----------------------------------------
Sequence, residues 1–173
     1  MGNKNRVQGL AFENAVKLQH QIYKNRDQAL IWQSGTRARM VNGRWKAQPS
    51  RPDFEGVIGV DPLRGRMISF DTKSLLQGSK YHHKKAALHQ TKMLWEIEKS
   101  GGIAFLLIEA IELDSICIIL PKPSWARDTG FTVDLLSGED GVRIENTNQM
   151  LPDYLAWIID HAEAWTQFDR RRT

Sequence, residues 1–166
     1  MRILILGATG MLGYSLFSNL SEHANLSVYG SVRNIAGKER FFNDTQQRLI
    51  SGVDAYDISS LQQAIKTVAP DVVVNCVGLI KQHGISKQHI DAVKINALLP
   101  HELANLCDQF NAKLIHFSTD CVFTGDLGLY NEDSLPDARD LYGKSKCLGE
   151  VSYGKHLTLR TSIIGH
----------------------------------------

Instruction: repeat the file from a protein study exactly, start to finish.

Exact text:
Sequence, residues 1–173
     1  MGNKNRVQGL AFENAVKLQH QIYKNRDQAL IWQSGTRARM VNGRWKAQPS
    51  RPDFEGVIGV DPLRGRMISF DTKSLLQGSK YHHKKAALHQ TKMLWEIEKS
   101  GGIAFLLIEA IELDSICIIL PKPSWARDTG FTVDLLSGED GVRIENTNQM
   151  LPDYLAWIID HAEAWTQFDR RRT

Sequence, residues 1–166
     1  MRILILGATG MLGYSLFSNL SEHANLSVYG SVRNIAGKER FFNDTQQRLI
    51  SGVDAYDISS LQQAIKTVAP DVVVNCVGLI KQHGISKQHI DAVKINALLP
   101  HELANLCDQF NAKLIHFSTD CVFTGDLGLY NEDSLPDARD LYGKSKCLGE
   151  VSYGKHLTLR TSIIGH